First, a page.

You have also collaborated with Roky Erickson on “Devil Rides” and have in the past done so with many others, Dave Pajo, Gruff Rhys, Tetsuya Fukagawa, and to a lesser extent the remix album. Any people you would like to work with in the future?
Not off the top of my head but we are always open to working with other people. I have to say that in my opinion we tend to output better work as a 5 piece, Mexican GP being an exception.
And of the five, who is the punching bag? It’s you isn’t it?
Me? Haha. No. Usually whoever is attempting to manage us or work for us in some capacity ends up being the punchbags. We’re quite the circle of wagons really and the list of people we’ve sacked is laughably long. Unless you’re on it.
Oh to be sacked by Mogwai, how about any Spinal Tap moments?
Millions. Probably some “Hello Cleveland” moments when we did that monster tour with The Cure at the enormodomes…….haha, i can’t believe just this second while the rest of the band are listening to the Van Halen youtube song “Spanish Fly” that Martin just said, “Stonehennggggggge”. Funny.
“Mexican Grand Prix” has a Stereolab-y feel. It’s the driving drumbeat and keys, I believe. Do your peers motivate your work? I don’t believe influence is the right word…
I suppose they must to a degree though I wouldn’t site Stereolab as a big influence on anyone in the band I don’t think but you just can’t really say. It is a weird thing to try and explain.
Fair enough. The keyboards seem to have moved away from simply chording or ambience to play a more melodic or lead type role on the new album, has this been a conscious choice?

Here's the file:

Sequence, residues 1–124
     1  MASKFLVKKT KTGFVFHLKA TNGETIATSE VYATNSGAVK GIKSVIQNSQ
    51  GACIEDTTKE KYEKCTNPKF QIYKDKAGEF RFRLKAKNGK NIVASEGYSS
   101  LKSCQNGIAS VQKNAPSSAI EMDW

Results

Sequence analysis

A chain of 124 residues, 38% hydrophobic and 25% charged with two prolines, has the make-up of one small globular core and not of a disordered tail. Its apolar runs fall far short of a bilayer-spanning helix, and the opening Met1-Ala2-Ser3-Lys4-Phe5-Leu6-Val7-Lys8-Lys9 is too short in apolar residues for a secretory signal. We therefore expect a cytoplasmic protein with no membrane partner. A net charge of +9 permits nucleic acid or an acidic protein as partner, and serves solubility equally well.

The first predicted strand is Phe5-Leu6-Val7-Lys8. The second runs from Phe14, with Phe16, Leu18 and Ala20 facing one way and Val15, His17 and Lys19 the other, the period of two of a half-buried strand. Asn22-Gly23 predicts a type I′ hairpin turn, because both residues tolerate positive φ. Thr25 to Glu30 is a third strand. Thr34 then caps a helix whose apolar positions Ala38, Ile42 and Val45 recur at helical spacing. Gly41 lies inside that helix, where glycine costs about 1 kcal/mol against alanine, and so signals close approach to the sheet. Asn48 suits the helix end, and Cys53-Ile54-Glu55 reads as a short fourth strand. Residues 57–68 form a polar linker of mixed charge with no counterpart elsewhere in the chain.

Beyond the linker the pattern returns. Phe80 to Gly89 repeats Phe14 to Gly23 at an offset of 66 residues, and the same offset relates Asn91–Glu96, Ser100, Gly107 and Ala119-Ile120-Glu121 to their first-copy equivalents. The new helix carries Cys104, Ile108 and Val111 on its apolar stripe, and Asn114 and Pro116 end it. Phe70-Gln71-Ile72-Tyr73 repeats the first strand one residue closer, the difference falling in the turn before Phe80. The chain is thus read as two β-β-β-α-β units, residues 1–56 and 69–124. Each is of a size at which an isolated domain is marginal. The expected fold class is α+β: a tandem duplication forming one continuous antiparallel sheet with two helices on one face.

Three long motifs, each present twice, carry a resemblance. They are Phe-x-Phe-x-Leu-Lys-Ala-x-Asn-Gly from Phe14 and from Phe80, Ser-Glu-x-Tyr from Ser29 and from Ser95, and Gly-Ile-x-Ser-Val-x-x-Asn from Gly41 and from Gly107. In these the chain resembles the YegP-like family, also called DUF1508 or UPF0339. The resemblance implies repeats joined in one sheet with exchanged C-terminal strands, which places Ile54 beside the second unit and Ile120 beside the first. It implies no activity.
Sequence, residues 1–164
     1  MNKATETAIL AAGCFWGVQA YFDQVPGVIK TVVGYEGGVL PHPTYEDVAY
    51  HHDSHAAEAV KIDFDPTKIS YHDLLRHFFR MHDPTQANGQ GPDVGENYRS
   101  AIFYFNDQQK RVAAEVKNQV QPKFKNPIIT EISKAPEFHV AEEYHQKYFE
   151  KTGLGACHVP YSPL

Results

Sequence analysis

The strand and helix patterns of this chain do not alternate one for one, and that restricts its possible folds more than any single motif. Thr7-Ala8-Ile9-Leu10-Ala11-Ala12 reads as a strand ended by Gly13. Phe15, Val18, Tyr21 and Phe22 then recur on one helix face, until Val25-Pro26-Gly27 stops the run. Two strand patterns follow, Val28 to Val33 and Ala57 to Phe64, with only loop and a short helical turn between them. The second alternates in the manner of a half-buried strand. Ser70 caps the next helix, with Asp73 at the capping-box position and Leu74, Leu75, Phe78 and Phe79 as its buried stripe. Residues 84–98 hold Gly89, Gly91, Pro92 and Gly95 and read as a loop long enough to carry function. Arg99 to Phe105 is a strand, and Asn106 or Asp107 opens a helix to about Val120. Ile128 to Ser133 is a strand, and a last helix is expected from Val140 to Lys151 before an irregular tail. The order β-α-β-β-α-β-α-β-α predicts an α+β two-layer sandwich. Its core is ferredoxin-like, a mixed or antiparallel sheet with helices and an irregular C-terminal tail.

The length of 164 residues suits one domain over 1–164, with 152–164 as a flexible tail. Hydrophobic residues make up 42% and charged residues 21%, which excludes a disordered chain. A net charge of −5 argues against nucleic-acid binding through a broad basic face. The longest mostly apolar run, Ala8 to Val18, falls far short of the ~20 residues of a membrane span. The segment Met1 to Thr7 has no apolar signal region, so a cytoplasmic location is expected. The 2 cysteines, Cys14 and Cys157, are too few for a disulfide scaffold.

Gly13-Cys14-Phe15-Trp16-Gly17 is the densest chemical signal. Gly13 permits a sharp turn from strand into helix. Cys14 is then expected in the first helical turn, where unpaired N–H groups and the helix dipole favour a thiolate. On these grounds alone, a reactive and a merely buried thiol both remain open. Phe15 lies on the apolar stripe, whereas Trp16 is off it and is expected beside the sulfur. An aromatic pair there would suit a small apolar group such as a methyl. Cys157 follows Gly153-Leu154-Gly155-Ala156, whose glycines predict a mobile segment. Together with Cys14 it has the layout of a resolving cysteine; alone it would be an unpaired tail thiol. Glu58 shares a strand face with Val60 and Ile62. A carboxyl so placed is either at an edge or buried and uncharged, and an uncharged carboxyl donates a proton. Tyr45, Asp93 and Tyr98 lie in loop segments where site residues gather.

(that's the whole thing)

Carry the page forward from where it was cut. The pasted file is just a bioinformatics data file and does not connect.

No not conscious but I know what you mean. I suppose I might have just got more confident about melodies being featured rather than being buried and we have to try different things all the time in order not to get bored by ourselves.
You have used a vocoder in the past, is that Auto-tune on “George Square Thatcher Death Party”? If so, why does it sound cooler on a Mogwai album than just about anything else it has been heard on?
It’s not autotune but it does sound a bit like that. It’s the guitar pedal version of a vocoder which is why it sounds different from the old Roland ones we use. I think the autotune sound is totally shit and wont ever sound good on much. Except Cher of course. The Pioneer.
Ah, that’s why it sounds better than auto-tune, because it isn’t auto-tune. More on your tools of the trade, I notice very little drum machine on Hardcore. “Mexican Grand Prix” comes to mind, as it is bookended by drum programming. Scarce though, what’s up with that?
Dunno, just how it panned out. Originally on Mex GP there were no acoustic drums but Martin got all sexy and fast and played a blinder. We don’t tend to think it ways like, “we need to have drum machines on this”.
And finally, have you all ever had any fan moments? Like, “Bowie is backstage, he loves Young Team!”
David Byrne has been at the backstage area a few times and Chloe Sevigny but Sir Paul McCartney told me never to namedrop.
Like Barry Burns, I have been with Mogwai since their second album, Come On Die Young. Unlike Barry I have only been with the band as a fan and listener, they have yet to invite me into the studio or on tour. I know they used banjo on the Rock Action track, “2 Rights Make 1 Wrong” and it was missing on the Special Moves live album, guys I am available to fill this roll. The fantastic Hardcore Will Never Die, But You Will became available in these here United States on St. Valentine’s Day, go get it.
You can find out if Mogwai is coming to a town near you on their website and can purchase the album at record stores near you and Sub Pop’s website. You can also listen to “White Noise,” which was featured as our song of the day.